Some Thoughts About Value

Maybe it's just a coincidence, but it sure seems like a lot of people are starting to redefine what it means to provide customer value. For example, in a speech at the recent joint meeting of AMT, the Association for Manufacturing Technology, and the American Machine Tool Distributors Association, AMT chairman William Saul stressed the critical importance of serving customer needs as they are defined by the customer, not by one's own notion of "value.

Columns From: 12/1/1996 Modern Machine Shop, ,

Maybe it's just a coincidence, but it sure seems like a lot of people are starting to redefine what it means to provide customer value. For example, in a speech at the recent joint meeting of AMT, the Association for Manufacturing Technology, and the American Machine Tool Distributors Association, AMT chairman William Saul stressed the critical importance of serving customer needs as they are defined by the customer, not by one's own notion of "value."

Next to the podium was McDonnell Douglas president and CEO Harry Stonecipher who put a different spin on some all too common perceptions about the relationship between price and value. "Who wants to drink a cheap scotch?" he asked. "Would your wife be happy to know you bought her a bottle of cheap perfume?" Or, who wants to spend a month painting their house with cheap paint, knowing it will ensure that the unpleasant task will come back all the sooner?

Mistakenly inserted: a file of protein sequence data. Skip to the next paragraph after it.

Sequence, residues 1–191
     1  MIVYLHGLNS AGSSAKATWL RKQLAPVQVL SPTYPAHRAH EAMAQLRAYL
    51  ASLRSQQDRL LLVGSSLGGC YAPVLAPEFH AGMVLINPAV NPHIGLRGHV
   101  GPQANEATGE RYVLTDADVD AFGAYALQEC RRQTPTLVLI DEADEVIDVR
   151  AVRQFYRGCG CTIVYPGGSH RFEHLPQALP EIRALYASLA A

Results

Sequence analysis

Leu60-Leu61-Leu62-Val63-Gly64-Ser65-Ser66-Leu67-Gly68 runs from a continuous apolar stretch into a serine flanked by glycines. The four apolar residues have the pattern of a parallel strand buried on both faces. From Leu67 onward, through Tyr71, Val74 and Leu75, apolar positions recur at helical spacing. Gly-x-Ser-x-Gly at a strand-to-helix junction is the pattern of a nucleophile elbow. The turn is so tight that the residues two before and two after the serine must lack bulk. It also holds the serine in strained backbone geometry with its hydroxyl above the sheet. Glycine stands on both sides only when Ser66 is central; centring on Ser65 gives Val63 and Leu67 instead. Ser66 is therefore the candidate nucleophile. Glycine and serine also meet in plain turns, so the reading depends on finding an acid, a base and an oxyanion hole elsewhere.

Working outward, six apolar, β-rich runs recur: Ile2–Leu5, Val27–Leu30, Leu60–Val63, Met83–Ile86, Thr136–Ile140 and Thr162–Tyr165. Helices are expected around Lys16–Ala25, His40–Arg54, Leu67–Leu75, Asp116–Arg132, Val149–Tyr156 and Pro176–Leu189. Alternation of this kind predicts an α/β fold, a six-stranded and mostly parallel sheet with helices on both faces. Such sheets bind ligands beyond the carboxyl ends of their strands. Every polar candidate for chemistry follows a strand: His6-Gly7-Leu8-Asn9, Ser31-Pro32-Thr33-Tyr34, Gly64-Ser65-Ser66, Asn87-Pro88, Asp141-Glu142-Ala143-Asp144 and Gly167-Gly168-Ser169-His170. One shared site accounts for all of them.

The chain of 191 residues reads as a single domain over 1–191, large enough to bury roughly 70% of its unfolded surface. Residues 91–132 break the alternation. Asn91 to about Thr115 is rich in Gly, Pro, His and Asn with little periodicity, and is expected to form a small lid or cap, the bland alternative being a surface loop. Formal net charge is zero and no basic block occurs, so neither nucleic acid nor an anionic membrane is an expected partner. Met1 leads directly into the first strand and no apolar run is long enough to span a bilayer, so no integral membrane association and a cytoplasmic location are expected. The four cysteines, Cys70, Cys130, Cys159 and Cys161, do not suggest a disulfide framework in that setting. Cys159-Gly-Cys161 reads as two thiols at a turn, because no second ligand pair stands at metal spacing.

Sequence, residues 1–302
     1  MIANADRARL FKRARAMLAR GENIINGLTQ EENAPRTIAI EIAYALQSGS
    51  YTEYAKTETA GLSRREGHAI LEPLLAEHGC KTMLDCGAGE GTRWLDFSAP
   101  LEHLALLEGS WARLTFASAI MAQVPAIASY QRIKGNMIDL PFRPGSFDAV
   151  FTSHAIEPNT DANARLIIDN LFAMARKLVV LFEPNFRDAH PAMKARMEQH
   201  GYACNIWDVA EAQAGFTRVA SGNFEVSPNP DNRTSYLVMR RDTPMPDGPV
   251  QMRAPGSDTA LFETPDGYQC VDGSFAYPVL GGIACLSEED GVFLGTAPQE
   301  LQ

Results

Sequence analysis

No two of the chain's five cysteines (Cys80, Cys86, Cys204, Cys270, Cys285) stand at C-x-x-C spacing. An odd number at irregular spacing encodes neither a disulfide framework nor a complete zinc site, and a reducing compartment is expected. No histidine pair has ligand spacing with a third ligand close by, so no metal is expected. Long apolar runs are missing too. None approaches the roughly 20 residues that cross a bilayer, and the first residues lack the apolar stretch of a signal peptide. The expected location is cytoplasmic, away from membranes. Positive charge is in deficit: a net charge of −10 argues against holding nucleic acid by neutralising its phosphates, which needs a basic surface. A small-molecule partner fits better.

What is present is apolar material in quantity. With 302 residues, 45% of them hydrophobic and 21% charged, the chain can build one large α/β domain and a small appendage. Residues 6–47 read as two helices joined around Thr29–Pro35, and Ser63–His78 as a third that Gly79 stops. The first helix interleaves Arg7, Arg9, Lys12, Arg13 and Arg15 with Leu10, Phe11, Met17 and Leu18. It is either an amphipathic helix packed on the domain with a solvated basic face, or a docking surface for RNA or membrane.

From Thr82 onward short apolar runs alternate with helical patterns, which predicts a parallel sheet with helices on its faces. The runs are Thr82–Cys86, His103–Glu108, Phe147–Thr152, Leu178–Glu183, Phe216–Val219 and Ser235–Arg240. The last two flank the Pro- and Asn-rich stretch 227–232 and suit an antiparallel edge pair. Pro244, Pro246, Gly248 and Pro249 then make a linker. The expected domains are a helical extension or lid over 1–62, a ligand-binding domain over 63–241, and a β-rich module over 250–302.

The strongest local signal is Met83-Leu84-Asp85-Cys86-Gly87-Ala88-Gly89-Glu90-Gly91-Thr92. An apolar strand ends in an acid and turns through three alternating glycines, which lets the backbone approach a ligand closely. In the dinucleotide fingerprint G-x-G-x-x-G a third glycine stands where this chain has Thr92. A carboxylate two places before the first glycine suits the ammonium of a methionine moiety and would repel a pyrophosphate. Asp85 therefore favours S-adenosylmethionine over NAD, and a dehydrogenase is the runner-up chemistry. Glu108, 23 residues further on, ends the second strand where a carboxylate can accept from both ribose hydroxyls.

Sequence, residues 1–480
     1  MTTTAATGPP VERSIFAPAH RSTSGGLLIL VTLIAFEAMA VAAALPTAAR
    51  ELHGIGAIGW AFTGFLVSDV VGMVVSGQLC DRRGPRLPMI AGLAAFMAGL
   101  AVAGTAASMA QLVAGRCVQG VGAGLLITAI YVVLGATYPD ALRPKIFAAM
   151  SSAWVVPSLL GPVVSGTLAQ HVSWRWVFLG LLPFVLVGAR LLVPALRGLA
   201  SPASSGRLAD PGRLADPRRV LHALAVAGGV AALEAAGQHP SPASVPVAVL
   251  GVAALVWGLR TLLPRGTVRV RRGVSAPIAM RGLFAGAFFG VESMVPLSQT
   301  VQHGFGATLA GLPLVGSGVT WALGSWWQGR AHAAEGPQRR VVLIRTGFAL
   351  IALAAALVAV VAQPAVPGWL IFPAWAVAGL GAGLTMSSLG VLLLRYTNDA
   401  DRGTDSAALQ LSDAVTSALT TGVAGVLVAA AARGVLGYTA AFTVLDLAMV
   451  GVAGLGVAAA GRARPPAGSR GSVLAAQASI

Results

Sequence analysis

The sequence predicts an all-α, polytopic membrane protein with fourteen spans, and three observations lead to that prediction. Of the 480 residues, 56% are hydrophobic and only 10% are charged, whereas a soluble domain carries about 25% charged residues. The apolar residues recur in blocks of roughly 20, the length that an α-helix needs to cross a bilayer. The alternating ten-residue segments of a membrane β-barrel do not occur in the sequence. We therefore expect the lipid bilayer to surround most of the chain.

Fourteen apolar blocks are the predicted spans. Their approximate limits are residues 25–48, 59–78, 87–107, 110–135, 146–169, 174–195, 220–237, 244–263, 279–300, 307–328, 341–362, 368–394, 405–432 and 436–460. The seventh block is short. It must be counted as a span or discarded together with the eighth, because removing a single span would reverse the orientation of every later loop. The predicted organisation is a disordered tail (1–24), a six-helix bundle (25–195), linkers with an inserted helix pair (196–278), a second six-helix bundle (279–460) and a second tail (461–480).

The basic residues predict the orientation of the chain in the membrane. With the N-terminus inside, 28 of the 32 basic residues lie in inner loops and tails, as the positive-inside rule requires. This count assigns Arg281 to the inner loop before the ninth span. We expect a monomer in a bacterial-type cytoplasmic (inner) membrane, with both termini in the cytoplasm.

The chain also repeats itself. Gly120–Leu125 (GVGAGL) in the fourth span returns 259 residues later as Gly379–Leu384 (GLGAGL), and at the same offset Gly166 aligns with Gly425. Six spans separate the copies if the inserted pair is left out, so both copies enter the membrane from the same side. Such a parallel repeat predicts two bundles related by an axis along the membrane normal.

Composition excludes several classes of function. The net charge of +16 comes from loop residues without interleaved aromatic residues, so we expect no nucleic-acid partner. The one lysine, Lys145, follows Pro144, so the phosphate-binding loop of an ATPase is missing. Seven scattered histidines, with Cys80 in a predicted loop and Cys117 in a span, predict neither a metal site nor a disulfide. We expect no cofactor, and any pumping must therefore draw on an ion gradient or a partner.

No, we'll pay quite a lot to gratify our senses, or to forestall an onerous task for another year.

Just a week later, Dr. Richard Schonberger, author of World Class Manufacturing: The Next Decade, spoke at the dedication of Mazak Corporation's new national technology center. He summed up the challenge to American manufacturing with the thought: "Your success rests in (the ability to sustain) continuous improvement in the eyes of your customers, not in the internal measures you are accustomed to watching."

Dr. Steven Goldman, COO of the Agility Forum, followed with his views on the nature of industrial competition in the coming years. He says that we must view manufacturing not just as a cost structure, but as a service to provide the kinds of capabilities your customers--and your customers' customers--require. It's not just parts or products they are buying, it's also knowledge, flexibility, responsiveness, the ability to anticipate future requirements before they are understood by the customers themselves.

Does cost still matter? You bet. But cost, as more companies are coming to understand, is the total cost of delivering all of these capabilities that customers need. Deliver them well, and price is hardly an issue at all.

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